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Category: African Americans

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AFC and VHP Collections Featured in the New Exhibition, “Collecting Memories: Treasures from the Library of Congress” in the new David M. Rubenstein Treasures Gallery

Posted by: Douglas D. Peach

On June 13th, a new exhibition titled, “Collecting Memories: Treasures from the Library of Congress,” opened to the public in the new David M. Rubenstein Treasures Gallery in the Thomas Jefferson Building. This post highlights items from the collections of the American Folklife Center and the Veterans History Project featured in the exhibition.

Dr. Melissa Cooper delivering a lecture as part of the American Folklife Center's Benjamin A. Botkin Lecture Series at the Whittall Pavilion at the Library of Congress.

Botkin Folklife Lectures Plus: Dr. Melissa Cooper, Scholar of Gullah Geechee Cultural History

Posted by: Douglas D. Peach

On April 10, 2024, Dr. Melissa Cooper (Associate Professor of History, Rutgers University-Newark) presented a fascinating lecture on Gullah Geechee cultural history at the Library of Congress, as part of the American Folklife Center's Benjamin A. Botkin Lecture Series. In this post, we highlight the video recording of Cooper's lecture and an oral history interview with Cooper, conducted by American Folklife Center staff members.

Two interviewers with interviewee, standing in the streets of New Orleans.

COVID Recollections: “People Make the World Move”- Pandemic Stories from New Orleans-Area Service and Hospitality Workers

Posted by: Douglas D. Peach

In this post, guest authors Sara T. Bernstein and Elise Chatelain, members of Dismantle Media and Culture Alliance, describe their experiences documenting the COVID-19 experiences of service and hospitality workers in New Orleans as part of the American Folklife Center's COVID-19 American History Project. This post is the first in a new Folklife Today blog series titled, "COVID Recollections." The series features stories, dispatches, and reflections from the COVID-19 American History Project, a Congressionally funded initiative to create an archive of Americans' experiences with the COVID-19 pandemic at the American Folklife Center.

Leah Chase, owner of the renowned Dooky Chase’s Restaurant in New Orleans being interviewed at her establishment.

Now Available: The Fifth Season of the America Works Podcast

Posted by: Douglas D. Peach

Season 5 of America Works, a podcast from the American Folklife Center (AFC) celebrating the diversity, resilience, and creativity of American workers, is now available on loc.gov/podcasts. In this post, Nancy Groce, AFC Senior Folklife Specialist, explains what we will hear in Season 5, focused on African American workers.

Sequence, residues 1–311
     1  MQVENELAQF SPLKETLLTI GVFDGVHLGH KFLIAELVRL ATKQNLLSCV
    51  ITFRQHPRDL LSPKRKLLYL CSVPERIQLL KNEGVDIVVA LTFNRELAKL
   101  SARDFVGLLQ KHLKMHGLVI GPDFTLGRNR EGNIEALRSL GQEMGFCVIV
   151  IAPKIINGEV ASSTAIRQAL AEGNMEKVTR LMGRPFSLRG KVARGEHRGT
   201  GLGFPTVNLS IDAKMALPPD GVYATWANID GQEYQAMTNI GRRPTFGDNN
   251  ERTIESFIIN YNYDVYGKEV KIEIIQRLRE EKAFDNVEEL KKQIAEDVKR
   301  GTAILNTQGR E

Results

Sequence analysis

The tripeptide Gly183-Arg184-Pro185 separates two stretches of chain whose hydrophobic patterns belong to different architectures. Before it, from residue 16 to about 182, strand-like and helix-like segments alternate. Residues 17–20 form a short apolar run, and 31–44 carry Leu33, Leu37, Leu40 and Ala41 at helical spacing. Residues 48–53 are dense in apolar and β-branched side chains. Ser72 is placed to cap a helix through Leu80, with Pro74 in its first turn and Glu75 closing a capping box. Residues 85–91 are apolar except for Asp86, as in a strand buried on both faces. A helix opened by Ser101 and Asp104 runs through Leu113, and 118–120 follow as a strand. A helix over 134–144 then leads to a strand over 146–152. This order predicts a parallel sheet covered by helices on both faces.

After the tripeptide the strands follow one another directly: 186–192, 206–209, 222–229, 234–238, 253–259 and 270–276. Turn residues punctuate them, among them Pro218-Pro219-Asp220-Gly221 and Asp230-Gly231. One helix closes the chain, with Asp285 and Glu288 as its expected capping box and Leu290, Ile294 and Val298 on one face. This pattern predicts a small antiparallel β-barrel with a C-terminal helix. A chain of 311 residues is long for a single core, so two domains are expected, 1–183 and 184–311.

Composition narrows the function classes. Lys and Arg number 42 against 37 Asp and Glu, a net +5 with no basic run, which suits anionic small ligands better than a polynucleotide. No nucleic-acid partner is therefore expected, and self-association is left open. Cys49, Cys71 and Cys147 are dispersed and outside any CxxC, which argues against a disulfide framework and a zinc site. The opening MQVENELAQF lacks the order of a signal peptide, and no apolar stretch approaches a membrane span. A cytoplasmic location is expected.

a man in a camouflage uniform

Three Days

Posted by: Lisa Taylor

The following is a guest blog post by Travis Bickford, head of programs and communications at The Library of Congress Veterans History Project (VHP). On August 28, 2005, it was 111 degrees in Baghdad. That kind of heat makes you conspiratorial, like “nah, this ain’t real” kind of heat. I’d only been in country a …

Candace Milburn with the contencts of the African-American veteran themed "Go Box"

Black History Month ‘Go Box’ – Surrogates from the Veterans History Project Collection

Posted by: Lisa Taylor

The following is a guest blog post by Candace Milburn, a liaison specialist for the Veterans History Project (VHP). You might ask, “What’s the meaning behind a ‘Go Box?’” To answer your question, the story began when former VHP Director Karen Lloyd shared that during her service in the Army, each service member was given …

“Jail, No Bail”: Tactics of Protest in the Freedom Struggle in Rock Hill, South Carolina

Posted by: Guha Shankar

Sixty-one years ago this month, on February 1, 1961, the “Friendship Nine” – a group of African American college students at Friendship Junior College - adopted an unorthodox tactic termed “Jail, No Bail” during their appearance on trespassing charges in a Rock Hill, South Carolina court. The group had been arrested the previous day for trying to get service at a segregated lunch counter in the city (in other words, they staged a “sit-in”). Rather than paying a fine for violating a public ordinance, as was the norm, they chose instead to serve out their sentence of thirty days of hard labor on a county chain gang. In commemoration of Black History Month, my post today (number 999 in AFC blog history!) reaches into the Civil Rights History Project collection to illuminate this facet of the civil rights era as recollected by veteran activists.

Violet Hill Gordon in uniform.

The Courage to Deliver: The Women of the 6888th Central Postal Directory Battalion

Posted by: Lisa Taylor

The following is a guest blog post by Nathan Cross, an archivist for the American Folklife Center. This African American History Month, the Veterans History Project (VHP) is pleased to announce a new resource designed to introduce VHP’s holdings related to the veterans of the 6888th Central Postal Directory Battalion, an all-African American, all-female unit …

man seated in wheelchar singing next to a podium

From Conflict to Creativity: The Journeys of Matthew Gill and Teresa K. Howes

Posted by: Lisa Taylor

The following is a guest blog post co-authored by U.S. Navy veteran Matthew Gill and U.S. Army/Army National Guard veteran Teresa K. Howes. This is the second in a four-part guest series featuring military veteran artists who are members of Uniting US, a veteran-focused nonprofit arts organization. Go here to read part 1. In recognition …